This week, I treated myself to not one but two excellent films newly released in cinemas, and still didn’t manage to see everything I wanted to watch, and so for now will have to forego the apparently brilliant documentary “The Interrupters.” Instead, I chose to see two films which both take as their central concern the consideration of the link between the simian and the homo-sapiens, or apes and humans: “Project Nim” and “Rise of the Planet of the Apes.”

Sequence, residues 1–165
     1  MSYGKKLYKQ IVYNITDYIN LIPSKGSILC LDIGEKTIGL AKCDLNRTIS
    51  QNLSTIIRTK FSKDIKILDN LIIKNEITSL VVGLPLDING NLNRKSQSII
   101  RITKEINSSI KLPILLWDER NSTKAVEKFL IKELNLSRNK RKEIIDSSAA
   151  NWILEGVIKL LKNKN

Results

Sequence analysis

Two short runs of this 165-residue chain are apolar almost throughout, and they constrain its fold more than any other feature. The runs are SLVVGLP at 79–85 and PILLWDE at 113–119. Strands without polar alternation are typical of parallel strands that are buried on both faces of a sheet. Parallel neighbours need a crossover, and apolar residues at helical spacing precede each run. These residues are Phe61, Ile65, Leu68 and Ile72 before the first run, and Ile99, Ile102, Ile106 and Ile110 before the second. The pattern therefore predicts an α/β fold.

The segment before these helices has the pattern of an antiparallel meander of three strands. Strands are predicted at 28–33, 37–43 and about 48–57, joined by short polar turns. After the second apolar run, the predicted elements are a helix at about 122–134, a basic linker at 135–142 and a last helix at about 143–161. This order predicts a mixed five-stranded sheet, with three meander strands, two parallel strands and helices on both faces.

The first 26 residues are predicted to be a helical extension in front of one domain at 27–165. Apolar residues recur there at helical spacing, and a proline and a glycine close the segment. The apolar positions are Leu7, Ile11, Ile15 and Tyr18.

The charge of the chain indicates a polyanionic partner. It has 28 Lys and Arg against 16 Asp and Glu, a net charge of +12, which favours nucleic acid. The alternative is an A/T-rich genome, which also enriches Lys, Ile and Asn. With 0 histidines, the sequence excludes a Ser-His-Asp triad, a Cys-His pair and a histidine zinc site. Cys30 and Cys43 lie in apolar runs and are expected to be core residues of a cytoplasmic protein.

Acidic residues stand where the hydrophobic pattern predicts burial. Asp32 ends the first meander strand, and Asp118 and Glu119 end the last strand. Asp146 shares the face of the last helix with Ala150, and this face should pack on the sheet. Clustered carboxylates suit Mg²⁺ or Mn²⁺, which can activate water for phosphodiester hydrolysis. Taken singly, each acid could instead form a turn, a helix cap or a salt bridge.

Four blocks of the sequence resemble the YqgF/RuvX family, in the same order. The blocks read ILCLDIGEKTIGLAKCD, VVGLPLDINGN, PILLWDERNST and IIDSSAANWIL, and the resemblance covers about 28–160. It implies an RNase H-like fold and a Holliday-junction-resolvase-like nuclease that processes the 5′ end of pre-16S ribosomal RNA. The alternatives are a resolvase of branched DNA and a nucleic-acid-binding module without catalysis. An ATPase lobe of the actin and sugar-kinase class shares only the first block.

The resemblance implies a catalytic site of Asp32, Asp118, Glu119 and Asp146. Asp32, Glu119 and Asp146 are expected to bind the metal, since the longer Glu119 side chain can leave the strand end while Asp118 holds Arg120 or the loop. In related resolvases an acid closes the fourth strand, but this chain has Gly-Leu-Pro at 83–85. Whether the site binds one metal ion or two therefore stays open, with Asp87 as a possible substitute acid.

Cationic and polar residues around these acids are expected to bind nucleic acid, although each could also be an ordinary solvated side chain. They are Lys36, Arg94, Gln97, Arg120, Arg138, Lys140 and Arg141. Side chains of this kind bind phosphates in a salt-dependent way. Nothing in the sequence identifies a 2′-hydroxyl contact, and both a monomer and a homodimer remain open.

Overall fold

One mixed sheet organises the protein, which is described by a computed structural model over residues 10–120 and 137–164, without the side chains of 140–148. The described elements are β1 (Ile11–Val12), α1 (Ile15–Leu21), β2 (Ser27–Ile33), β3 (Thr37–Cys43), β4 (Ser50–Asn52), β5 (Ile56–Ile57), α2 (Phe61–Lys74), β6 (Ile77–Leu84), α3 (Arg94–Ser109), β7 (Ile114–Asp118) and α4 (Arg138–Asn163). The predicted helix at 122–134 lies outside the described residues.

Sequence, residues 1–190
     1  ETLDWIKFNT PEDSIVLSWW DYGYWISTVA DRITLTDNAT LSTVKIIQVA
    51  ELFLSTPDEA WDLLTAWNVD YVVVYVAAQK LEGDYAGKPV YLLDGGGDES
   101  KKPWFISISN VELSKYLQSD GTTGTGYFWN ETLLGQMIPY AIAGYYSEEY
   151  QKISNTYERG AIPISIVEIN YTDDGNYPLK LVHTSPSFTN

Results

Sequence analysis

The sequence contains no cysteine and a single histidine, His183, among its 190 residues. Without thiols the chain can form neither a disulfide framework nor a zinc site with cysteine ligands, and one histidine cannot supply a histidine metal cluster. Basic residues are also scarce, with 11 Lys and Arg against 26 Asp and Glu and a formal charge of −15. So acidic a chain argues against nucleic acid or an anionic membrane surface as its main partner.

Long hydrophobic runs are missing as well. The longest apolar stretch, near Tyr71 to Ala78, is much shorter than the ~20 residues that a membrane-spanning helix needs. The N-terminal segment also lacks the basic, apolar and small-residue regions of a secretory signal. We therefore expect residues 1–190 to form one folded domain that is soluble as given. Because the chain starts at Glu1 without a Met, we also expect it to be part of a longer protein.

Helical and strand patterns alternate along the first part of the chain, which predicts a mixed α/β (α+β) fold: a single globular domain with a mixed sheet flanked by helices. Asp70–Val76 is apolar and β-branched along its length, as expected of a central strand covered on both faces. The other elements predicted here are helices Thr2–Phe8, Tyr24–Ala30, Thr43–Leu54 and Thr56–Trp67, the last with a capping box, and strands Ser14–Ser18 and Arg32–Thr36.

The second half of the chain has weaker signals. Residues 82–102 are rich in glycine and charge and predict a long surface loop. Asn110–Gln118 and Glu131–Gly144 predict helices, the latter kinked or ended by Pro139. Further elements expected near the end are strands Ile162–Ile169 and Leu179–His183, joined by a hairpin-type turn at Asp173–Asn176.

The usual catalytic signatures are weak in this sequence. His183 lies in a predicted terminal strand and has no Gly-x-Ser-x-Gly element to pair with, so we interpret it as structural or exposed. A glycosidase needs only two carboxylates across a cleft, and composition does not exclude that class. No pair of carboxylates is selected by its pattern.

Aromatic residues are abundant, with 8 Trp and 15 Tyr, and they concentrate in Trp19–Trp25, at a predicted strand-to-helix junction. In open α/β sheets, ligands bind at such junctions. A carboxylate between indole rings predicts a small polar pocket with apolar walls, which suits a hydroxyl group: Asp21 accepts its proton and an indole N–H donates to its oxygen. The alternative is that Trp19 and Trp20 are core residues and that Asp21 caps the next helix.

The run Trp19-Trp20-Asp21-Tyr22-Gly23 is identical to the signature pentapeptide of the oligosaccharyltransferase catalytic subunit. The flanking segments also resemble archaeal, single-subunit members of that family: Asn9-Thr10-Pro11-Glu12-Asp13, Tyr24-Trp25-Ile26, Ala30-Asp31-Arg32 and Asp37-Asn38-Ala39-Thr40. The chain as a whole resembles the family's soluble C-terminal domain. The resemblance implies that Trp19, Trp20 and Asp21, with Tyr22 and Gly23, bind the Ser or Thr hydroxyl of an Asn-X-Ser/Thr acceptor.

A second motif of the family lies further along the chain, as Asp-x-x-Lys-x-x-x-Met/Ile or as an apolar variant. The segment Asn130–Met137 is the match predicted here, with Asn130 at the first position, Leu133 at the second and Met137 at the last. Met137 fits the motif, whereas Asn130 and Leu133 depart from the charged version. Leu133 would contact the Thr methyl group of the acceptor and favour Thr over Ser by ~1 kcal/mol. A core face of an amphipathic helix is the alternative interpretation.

This link between humanity and the great apes is the most fascinating and predominant field of human consideration of the animal kingdom for both biological and philosophical reasons. The latter stems from the former, namely that apes are our closest living ancestor, and like humans possess the opposable thumbs that enable the manipulation of tools, one of the major forces which allowed mankind to become the planet’s dominant species, and so to observe the behaviour and potential of apes is to observe a part of the origin of our own species’ evolution into the lords of the earth. Yet the strength of this close relationship has inspired some troubling philosophical queries revolving around primal animalism and the intellect of consciousness. It is our unique consciousness that separates humanity from the rest of the animal kingdom, and has allowed us to develop the intelligence, the culture and most importantly the communicative complexity to command the natural world according to our own desires. Should apes develop similar levels of consciousness, they could potentially conquer us through their similar inherent adeptness at utilizing tools and of course their greater bodily strength. Consider only the profound revelation in the “Dawn of Man” sequence in Stanley Kubrick’s “2001: A Space Odyssey,” in which the evolutionary jump from ape to man purely on the level of intelligence is symbolized by one ape’s realization that the objects of his environment can be manipulated to create tools which will provoke mastery of his environment, and crucially the tool he creates is a weapon. This of course fundamentally relates to the fear of the bestial potential that exists in all of us, certainly if “The Naked Ape” is to be believed. Without the aspiration to moral and intellectual betterment our consciousness is inherently geared towards, what would separate our most animalistic behaviour and primal urges from that of the beasts of the animal kingdom we consider to be so much less intelligent than ourselves? There are many examples in the world of this terrifying surrender to our base destructive savagery, not least the atrocious actions of the rioters across the UK last week. It is hard to see many of those images and not liken the culprits to a pack of wild, thoughtless animals, and this is so much more troubling than any socio-economic explanation of what took place.